About the Study

The Mood and Postoperative Pain Study (MAP-Pain) is a large research study of patients undergoing surgery. This trial follows patients throughout their recovery process comparing an intervention with enhanced usual care. This is a randomized, controlled trial – this means that some patients will receive the study intervention and other patients will receive usual care. Funding for this study is provided by the National Institutes of Health (NIH).

What Will I be asked to do?

If you partner with us for this research study, you may be asked to:

Complete a 15-minute online survey before your surgery
This baseline packet gives us important information about you, so we can learn what contributes to surgical recovery, and who may benefit most from the intervention.

Complete a 5-10 minute survey each week after your surgery
This weekly survey helps us to track your progress towards recovery.

Receive Intervention or Enhanced Usual Care
For both groups, you will contacted weekly by our study team for two months following your surgery for a 20-minute phone conversation about your recovery.

What is The Intervention?

The Intervention involves Motivational Interviewing and Physician-Guided Opioid Weaning. If you are in the intervention group, you will speak to a Nurse Practitioner weekly, for two months to receive support and education. This will focus on your medication, and the Nurse Practitioner will give you instructions on how to gradually reduce your opioid pain medication.

What is Enhanced Usual Care?

If you are in the advanced Usual Care group, you will speak with a Licensed Clinical Social Worker (LCSW) weekly for two months, to receive education and information about your opioid pain medication and pain management resources.

Who Can Participate in MAP-Pain?

  • Undergoing surgery with one of our participating surgeons
  • Able and willing to complete online surveys
  • Not pregnant or planning to become pregnant.
  • Why is this study important?

    Few studies have focused on reducing the amount of time patients suffer following surgery. Being part of this project will help you learn more about your own health, and risks to your recovery. You will also help physicians develop better ways to treat future patients experiencing the same problems you are experiencing now.  This study may help us learn how to speed the recovery of patients following surgery, reduce dependence on pain medications, and even prevent chronic pain following surgery.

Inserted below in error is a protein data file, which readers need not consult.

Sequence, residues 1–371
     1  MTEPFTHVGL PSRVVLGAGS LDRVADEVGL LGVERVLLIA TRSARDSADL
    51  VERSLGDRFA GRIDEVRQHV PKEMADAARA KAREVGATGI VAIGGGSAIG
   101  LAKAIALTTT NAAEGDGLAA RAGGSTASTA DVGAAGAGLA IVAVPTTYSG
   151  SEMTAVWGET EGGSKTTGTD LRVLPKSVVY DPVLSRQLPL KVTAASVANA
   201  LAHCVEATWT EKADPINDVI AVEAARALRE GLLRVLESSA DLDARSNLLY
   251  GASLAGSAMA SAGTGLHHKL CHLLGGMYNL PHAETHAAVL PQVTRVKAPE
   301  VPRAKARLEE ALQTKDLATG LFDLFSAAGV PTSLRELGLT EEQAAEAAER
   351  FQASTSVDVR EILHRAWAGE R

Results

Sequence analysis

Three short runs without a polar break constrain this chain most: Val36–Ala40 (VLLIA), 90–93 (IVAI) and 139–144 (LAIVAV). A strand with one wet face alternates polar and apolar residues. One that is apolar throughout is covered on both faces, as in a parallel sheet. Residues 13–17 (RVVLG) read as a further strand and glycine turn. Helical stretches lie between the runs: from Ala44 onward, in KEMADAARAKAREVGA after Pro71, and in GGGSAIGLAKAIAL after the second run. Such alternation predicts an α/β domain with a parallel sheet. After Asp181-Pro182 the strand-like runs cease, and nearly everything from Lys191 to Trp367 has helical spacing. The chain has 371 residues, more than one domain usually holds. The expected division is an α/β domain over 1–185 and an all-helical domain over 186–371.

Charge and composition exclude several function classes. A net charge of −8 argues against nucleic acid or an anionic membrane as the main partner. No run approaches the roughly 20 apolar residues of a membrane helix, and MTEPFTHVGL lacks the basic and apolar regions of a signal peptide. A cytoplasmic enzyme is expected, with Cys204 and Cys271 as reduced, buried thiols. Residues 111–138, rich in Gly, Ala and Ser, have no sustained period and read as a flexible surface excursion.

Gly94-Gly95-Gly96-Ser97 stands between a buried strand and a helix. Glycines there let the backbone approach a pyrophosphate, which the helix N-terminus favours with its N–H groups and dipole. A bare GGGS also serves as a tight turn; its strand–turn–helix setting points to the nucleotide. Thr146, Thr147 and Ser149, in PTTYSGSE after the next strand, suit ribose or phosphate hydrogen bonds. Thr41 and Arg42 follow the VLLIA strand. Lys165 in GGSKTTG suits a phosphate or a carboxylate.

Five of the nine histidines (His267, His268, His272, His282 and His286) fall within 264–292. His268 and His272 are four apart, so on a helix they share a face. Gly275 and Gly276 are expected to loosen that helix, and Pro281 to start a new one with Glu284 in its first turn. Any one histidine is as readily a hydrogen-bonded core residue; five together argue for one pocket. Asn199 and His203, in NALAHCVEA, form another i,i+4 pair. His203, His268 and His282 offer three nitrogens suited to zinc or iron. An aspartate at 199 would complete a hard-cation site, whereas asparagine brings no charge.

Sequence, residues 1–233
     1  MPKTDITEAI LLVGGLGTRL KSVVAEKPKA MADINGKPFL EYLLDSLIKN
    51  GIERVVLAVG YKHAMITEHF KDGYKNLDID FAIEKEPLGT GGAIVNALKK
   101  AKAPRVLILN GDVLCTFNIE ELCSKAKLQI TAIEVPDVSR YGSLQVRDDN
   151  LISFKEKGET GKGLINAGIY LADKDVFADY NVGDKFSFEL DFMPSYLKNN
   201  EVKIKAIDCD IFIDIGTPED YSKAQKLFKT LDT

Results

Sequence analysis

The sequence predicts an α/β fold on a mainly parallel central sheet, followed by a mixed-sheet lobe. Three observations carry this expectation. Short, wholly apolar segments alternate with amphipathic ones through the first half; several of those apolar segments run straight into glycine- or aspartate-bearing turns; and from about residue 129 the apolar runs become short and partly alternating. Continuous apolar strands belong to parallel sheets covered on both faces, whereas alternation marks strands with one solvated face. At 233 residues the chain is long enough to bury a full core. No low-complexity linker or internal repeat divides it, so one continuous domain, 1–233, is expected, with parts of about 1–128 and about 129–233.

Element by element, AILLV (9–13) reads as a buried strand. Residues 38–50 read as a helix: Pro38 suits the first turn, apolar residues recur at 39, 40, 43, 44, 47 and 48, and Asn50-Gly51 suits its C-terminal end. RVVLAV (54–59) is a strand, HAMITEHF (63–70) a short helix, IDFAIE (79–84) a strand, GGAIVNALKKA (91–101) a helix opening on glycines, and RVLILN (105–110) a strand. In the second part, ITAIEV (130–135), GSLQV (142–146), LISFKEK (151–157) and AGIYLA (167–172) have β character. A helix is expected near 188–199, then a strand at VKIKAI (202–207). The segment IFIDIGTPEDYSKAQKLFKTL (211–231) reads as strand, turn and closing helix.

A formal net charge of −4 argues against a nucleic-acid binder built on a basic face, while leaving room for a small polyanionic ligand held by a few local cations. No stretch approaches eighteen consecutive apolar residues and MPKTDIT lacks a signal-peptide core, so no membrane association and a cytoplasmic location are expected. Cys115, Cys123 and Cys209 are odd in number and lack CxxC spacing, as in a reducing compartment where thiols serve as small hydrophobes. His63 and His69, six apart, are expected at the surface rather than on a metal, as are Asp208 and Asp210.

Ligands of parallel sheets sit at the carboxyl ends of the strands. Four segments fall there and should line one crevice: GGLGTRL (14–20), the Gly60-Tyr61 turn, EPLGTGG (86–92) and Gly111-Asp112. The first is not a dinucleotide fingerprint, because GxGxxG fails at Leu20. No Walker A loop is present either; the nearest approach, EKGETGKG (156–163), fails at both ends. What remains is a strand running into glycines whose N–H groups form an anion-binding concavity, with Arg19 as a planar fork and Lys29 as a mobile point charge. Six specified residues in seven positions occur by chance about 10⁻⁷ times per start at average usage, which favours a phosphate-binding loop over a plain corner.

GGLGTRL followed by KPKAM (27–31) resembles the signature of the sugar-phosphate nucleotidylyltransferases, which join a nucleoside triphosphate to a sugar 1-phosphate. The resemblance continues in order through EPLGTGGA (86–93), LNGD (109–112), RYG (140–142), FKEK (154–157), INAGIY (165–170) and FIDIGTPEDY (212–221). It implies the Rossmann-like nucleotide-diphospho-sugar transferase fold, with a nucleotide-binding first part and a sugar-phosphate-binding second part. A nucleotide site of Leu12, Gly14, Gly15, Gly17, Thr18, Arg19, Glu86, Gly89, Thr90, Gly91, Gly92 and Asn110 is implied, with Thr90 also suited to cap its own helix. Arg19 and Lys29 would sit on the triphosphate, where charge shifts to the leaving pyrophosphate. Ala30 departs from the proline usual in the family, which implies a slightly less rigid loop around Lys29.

How will I benefit?

    Whether you receive intervention or usual care, you will speak to our surgery team throughout your recovery. This may give you the opportunity to learn more about your recovery process.

    We cannot guarantee you will receive any benefit. We do hope that this study will allow us to develop better strategies to help future patients manage pain, mood, and their medication.

    What are the risks?

    The risks associated with the study are very low. For both groups, questionnaires may be inconvenient to complete, and take some extra time. Some of the questions we ask may be about sensitive topics. We make sure to maintain and protect your privacy, keeping all your information confidential as required by law.

    Is there any compensation?

    Partners will earn a 20$ gift card for completing an initial, 15-minute survey before their survey. Participants can also earn an additional 20$ gift card for participating in the study for three months, and a third 20$ gift card for participating in the study for one year.

    How do I learn more?

    Please email the research coordinator at lxp@stanford.edu for more information, or call us at 650-721-2991.

    Who is on the Research Team?

    Principal Investigator
    Jennifer Hah, MD, MS

    Sean Mackey, MD, PhD

    Research Coordinator
    Luke X. Pirrotta